Critics Condemn Cruz Call To “Patrol” Muslim Neighborhoods
In the wake of Tuesday’s attacks in Brussels, Republican presidential candidate Ted Cruz called for increased surveillance of American Muslims. “We need to empower law enforcement to patrol and secure Muslim neighborhoods before they become radicalized,” the U.S. senator from Texas said.
“He’s talking about using already strapped resources to address a non-issue,” said Nizar Hasan, president of the Arab American Police Association, whose members come from law enforcement agencies in the Chicagoland area. “We could barely get enough officers in the inner city to combat gang crimes and to reduce the amount of drugs coming across the border,” Hasan added, “and now you want to reallocate already strapped resources to so-called de-radicalize the Muslim religion? It’s far-fetched.”
Hasan warned that targeting Muslim communities could also undermine the already weak trust that many Arab Americans, in particular, have in law enforcement. “I don’t know if there’s any criminals within the Muslim community - I’m sure there is, just like any community,” he said. “But it’s a small percentage. And now you want to tax the entire community over a couple of, for lack of better terms, crazies? Crazy people that are doing crazy things in the name of their religion?”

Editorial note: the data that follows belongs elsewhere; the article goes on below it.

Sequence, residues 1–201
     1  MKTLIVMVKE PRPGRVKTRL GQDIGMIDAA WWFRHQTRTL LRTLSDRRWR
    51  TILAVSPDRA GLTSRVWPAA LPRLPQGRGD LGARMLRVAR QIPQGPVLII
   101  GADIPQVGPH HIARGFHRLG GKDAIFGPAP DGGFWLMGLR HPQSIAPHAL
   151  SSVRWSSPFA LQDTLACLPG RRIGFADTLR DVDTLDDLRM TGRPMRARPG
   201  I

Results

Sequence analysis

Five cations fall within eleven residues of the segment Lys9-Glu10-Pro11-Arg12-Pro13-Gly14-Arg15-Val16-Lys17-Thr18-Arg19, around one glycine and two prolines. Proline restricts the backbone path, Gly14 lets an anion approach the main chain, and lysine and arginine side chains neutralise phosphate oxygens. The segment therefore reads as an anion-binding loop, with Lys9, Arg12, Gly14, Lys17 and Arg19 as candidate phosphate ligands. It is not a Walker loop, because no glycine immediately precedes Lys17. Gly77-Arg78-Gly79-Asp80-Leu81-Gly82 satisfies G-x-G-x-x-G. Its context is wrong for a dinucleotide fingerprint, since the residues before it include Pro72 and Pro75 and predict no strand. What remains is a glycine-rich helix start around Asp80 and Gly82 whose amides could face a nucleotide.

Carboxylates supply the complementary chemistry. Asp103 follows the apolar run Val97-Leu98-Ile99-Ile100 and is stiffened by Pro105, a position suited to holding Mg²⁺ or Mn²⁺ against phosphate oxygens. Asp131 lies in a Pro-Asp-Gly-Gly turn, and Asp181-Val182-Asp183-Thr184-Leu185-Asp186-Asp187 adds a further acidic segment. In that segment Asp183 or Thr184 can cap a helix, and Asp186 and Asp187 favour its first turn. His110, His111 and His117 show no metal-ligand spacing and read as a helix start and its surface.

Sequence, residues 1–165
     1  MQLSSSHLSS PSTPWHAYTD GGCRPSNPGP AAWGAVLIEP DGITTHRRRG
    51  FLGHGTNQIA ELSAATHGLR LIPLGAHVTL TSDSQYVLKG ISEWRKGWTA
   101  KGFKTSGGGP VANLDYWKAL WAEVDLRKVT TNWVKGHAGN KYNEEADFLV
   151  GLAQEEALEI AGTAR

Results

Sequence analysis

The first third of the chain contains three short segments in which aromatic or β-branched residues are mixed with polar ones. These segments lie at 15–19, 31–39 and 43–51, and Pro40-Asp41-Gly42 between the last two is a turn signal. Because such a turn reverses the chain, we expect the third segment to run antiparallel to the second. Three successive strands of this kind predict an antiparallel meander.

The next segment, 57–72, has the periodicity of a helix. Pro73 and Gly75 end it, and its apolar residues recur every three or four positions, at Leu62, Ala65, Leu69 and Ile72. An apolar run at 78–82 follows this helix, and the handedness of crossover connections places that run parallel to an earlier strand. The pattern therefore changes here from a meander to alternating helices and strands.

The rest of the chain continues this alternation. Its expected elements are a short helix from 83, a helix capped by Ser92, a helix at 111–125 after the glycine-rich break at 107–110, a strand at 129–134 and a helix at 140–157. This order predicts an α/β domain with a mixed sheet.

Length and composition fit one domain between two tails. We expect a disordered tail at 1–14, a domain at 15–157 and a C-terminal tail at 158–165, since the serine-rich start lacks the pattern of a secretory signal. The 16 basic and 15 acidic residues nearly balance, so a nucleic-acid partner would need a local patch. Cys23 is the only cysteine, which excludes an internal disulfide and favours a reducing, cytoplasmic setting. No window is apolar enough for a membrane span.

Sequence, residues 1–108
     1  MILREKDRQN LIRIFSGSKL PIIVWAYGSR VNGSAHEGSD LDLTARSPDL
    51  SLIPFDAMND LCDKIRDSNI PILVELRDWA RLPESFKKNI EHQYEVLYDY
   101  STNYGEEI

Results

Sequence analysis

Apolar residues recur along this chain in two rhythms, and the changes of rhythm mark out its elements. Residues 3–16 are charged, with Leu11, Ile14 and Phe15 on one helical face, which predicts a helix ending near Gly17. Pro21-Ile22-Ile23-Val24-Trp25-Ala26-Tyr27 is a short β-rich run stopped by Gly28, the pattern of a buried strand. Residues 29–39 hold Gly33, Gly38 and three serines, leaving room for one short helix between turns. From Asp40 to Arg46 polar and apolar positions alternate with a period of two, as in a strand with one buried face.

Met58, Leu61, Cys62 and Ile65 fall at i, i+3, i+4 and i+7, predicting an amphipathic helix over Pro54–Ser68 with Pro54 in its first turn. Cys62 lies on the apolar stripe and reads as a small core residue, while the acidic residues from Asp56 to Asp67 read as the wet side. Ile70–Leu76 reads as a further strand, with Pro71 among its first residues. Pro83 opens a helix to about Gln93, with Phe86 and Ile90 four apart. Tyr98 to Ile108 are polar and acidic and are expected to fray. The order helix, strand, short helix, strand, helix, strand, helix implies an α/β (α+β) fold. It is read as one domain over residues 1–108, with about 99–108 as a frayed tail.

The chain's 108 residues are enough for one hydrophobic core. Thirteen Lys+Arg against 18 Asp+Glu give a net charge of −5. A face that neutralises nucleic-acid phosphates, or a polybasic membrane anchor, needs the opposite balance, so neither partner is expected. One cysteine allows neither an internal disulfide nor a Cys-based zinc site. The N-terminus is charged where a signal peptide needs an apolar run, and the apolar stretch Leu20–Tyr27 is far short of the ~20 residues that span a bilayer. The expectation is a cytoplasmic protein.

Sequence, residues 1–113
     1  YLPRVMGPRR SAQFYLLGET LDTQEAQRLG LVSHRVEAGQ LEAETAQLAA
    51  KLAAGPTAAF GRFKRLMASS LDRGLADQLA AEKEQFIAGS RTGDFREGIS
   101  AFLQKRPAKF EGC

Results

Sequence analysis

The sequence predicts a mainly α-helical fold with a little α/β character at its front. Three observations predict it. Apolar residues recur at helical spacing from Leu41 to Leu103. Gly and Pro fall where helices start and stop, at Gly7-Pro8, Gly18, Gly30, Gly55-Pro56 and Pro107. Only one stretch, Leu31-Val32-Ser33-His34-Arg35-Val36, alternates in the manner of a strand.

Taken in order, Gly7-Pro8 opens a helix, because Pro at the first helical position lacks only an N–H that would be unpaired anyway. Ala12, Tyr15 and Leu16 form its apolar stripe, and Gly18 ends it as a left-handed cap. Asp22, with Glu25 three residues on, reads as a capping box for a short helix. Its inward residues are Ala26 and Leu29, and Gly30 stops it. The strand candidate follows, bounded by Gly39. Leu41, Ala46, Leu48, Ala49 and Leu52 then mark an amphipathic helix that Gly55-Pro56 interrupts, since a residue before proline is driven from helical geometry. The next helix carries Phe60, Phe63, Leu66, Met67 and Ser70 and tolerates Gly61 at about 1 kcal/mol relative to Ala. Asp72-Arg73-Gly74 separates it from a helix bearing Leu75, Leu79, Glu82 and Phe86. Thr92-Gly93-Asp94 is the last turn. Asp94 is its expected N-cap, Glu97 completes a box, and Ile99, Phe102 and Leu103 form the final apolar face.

Cruz’s statement also prompted alarm from the national Council on American-Islamic Relations. “We’re harkening back to the dark days of the 1930s with this kind of mentality,” said CAIR spokesman Ibrahim Hooper in a written statement. “It’s unconstitutional.”
The Chicago Police Department declined to comment on whether it has the resources to heed Cruz’s call, or whether the proposal would be effective in preventing attacks from happening in Chicago. The department did seek to reassure the public in the wake of the Brussels explosions that there is no reason to believe a similar attack is planned for Chicago. “However we prepare and have deployments in place to safeguard critical infrastructure,” said CPD spokesman Anthony Gugliemi.